Finding And Deleting Duplicate Files

Personal computers slow down, almost grind to a halt, when their hard disk drives are nearly full. If that's happened to your machine, and there's less than 10 per cent of its hard disk drive space free, it could be time to check for duplicate files and delete them.

They can arrive on your machine when a backup program fails to delete the old backup when it creates a new one, and sometimes by accident.

There's many ways to search for duplicate files, but the quickest and easiest way is to use the search utility built into Windows.

You can use it to search for duplicate files across the entire hard disk drive or in individual folders such as your Users folder which stores all the personal profile details and files of each of the individual users who log into the machine. You can also narrow it down further to individual user's folders such as Desktop, Documents, Downloads, Music, Pictures and Videos.

In Windows 8.1 open the Search box by either clicking your cursor on the Search box in the top right hand side of the modern user interface Start screen with your mouse or touching the little magnifying glass symbol with your finger on a touch screen machine. You can also open the Search function by swiping your finger from the right of the screen on a touch screen machine, causing Search and four other Windows 8.1 charms to pop out from side, or placing your cursor in the bottom right hand side of the screen with your mouse.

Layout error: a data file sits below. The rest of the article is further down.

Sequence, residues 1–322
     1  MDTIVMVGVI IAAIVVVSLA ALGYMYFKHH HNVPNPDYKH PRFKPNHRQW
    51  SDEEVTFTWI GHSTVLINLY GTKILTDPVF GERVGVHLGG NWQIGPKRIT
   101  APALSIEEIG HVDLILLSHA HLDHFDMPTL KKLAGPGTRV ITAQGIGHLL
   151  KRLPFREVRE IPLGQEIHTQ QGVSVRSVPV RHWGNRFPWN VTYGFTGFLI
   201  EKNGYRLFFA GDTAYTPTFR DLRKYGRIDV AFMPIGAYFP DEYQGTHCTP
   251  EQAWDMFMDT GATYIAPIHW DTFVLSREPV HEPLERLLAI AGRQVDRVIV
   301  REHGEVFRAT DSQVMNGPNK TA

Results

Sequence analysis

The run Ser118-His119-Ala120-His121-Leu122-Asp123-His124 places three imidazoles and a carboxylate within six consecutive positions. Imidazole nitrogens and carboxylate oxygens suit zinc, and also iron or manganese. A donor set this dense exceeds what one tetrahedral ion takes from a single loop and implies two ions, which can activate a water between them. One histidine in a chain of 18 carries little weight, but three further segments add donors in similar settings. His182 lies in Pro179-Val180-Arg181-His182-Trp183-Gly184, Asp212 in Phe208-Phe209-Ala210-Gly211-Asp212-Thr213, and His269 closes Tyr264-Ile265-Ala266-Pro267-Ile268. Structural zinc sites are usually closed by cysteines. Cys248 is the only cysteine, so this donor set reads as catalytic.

Or you can just start typing.

In Windows 8 you can only access the Search Charm from the side of the screen since there is no Search button at the top right of the screen. You need to define your search by using the file extensions of the files you are looking for. This is the three or four letter code found at the end of every file that defines its type. Microsoft Word files, for example, are DOC or DOCX depending on software version. Pictures may be BMP, TIFF, JPG or any other number of file types.

The default search location is Everywhere, which includes your machine's hard disk drive and the internet, so you will probably want to narrow the search down to just Files. The other options are Settings, Web images and web videos.

Pressing Enter will display a list of files with the defined extension which you can scroll through and compare and delete duplicates as you go. This rather manual method can take hours if you have thousands of file so you can be more prescriptive. Some software adds the word "copy" to a file that it copies so that you can tell it apart from the original. Try searching for that instead of the file extension.

An alternative is to try similar searches using the Search function in Windows Explorer found from the Desktop of Windows 8.1 and 8 or accessed in Window 7 by clicking the Start button and clicking Search.

It is from here that you can select specific folders to search, rather than having to chug through the hard disk drive. If this all becomes too much the alternative is to run third party file duplication detection software, but be careful with such software as, in the wrong hands, it can delete essential files that are needed to make your machine run.

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